Reinventing Local TV News Part IV: Hiring an Animator for Your Local TV Newsroom

June 23, 2021 11:00

Benefits, Costs, and the Future of Storytelling 

Two years of research has convinced us to double down on a recommendation we first made to local television stations in 2019: improve the quality, design, and explanatory power of your storytelling by embedding an animator centrally in the editorial workflow. We now have the results of a real-world experiment in two newsrooms and the audience research data to back it up. It’s clear that the potential benefits of hiring an animator outweigh the costs. In this final post with RTDNA, we’re outlining the investment that could be made and providing an action plan for television stations eager to prioritize animation and graphics in their video news storytelling.
 
The case for hiring an animator in your newsroom


First, a shout out to a few local TV news storytellers who are already producing incredible work with animation. We know there are even more out there—and we salute all of you and urge you to send us your work—for example, check out Chris Chmura’s reporting in San Francisco and Chris Vanderveen’s award-winning investigation in Denver.

Next, a quick reality check about the state of the local television industry and a reminder about why the Reinventing Local TV News (RLTVN) Project at Northeastern University is focused on the future of this medium.
 
Local TV news is navigating an arduous path in 2021 and beyond. On the one hand, it’s a trusted source that people turn to for news and information. Its business model is also largely working—at the moment. On the other hand, the audience is continuing to shift away from traditional broadcast television consumed in the living room and expecting content delivered immediately on digital devices right in the palm of their hands. These challenging times for the industry demand innovation and creativity. We believe compelling video storytelling enhanced by the use of animation and graphics is an important way to meet the evolving news audience where they are now and where they’re going in the months and years ahead.

How we got here

In our research series here at RTDNA, we’ve been exploring what the newsroom of the future could look like. In Part I, we gave an overview of our project and topline findings, including why enhanced animation and graphics appeal broadly to local television news audiences, as well as the implications of these strategies for building station viewership and loyalty.
 
Fruitful partnerships with WLS-TV ABC7 Chicago and WCVB-TV NewsCenter 5 Boston allowed our experiments with visual innovation to thrive in their newsrooms. We embedded animators known as Visual Content Producers (VCPs) for one-year fellowships with the support of the Stanton Foundation. Read more about their experiences, the value they brought to the newsroom, and their recommendations for future iterations of this role in Part II.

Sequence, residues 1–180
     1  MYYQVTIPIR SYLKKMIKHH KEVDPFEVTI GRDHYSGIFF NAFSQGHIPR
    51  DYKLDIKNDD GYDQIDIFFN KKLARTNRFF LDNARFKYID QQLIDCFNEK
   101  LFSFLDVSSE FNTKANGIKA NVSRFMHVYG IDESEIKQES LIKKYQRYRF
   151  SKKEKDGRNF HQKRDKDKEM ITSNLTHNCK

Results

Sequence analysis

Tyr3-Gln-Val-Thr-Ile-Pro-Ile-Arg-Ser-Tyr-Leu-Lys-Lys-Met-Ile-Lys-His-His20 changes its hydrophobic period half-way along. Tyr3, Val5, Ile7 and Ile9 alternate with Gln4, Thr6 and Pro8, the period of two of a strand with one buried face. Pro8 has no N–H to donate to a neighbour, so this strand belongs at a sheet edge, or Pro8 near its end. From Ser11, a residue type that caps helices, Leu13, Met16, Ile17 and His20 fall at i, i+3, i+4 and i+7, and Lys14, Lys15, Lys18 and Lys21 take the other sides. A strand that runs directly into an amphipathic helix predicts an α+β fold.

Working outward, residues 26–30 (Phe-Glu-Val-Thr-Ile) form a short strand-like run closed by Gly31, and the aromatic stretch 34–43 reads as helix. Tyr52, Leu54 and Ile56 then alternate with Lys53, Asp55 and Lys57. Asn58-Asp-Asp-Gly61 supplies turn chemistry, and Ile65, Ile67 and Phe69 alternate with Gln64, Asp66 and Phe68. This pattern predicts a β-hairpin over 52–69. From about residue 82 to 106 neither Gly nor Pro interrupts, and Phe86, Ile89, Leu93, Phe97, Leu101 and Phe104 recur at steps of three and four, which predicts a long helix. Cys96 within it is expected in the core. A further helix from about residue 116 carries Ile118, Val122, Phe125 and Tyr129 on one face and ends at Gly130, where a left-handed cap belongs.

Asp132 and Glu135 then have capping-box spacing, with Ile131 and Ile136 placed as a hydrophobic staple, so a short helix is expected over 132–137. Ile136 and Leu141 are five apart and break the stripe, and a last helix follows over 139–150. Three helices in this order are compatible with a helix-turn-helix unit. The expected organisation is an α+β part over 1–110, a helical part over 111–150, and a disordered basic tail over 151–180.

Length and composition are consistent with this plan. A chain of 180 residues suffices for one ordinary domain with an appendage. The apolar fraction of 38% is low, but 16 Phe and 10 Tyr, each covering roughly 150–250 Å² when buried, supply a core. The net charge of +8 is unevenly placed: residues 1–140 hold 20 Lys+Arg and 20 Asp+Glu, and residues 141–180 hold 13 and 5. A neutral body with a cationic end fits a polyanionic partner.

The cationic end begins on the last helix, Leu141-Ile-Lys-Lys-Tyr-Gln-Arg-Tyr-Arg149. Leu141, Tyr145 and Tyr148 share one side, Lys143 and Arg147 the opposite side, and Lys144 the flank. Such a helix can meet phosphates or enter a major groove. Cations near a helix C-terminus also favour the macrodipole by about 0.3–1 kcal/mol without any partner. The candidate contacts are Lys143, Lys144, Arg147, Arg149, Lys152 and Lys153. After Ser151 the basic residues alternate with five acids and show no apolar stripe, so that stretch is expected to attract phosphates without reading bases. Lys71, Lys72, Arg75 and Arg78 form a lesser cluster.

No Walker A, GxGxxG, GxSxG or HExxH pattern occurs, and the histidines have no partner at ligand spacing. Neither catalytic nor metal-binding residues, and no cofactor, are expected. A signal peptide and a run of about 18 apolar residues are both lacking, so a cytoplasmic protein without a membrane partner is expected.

Increasingly, journalists must hone the ability to (1) distill down the exponential complexity of our world, and (2) respond to the active role audiences now play in their choice of information sources. Check out Part III for a deep-dive on our research data and to download our entire slide deck for your own use. Our main takeaway: animated approaches are not only preferred, but can help audiences absorb quantitative or abstract information in a more concrete way. Stations can trust that shuffling more resources toward animation and graphics will satisfy and impress their loyal core viewer base, as well as attract an influx of viewers from young and diverse demographics.
 
RLTVN5

Five steps stations can take now

  • Prioritize animation and graphics in your storytelling
Don’t think of animation and graphics as something you add to a story after it’s been thoroughly reported on. Figure out which stories would benefit from animation. Could the data you obtained be visualized? Does a complex process need to be explained? Does the story simply lack visuals? The research proves audiences connect with graphics and animation so keep that in mind as you produce your stories.
 
  • Hire an animator (Visual Content Producer) and/or provide animation and graphics training and tools to your news team 
Think about making this investment as part of your overall newsroom strategy for evolving your product both on-air and on digital platforms. The animators in our experiment were called Visual Content Producers for a reason: they’re producers involved in the editorial process. Include the animators early on in the reporting as ideas are being developed and let their expertise help guide the storytelling and production for added effectiveness. Even if an animator isn’t in your budget, help your editors in this role by giving them animation training and tools, including Adobe After Effects. 
 
  • Create a next-generation storytelling team that is focused on new ways of delivering content on-air and on all your digital platforms
We all know our audience (and all of us) get more and more of our news through digital platforms, but we still focus most of our resources on our on-air products. A next-gen storytelling team isn’t a gimmick. It’s an attempt to pull a group of employees from throughout the newsroom to help translate their ideas about innovation in both of these areas into reality. It also tells your news employees, and more importantly, your audience, that you're committed to new forms of storytelling across the board. Newsroom collaboration with smart and creative people who believe in the power of the medium can lead to fresh approaches on-air and online that will better serve audiences of all ages.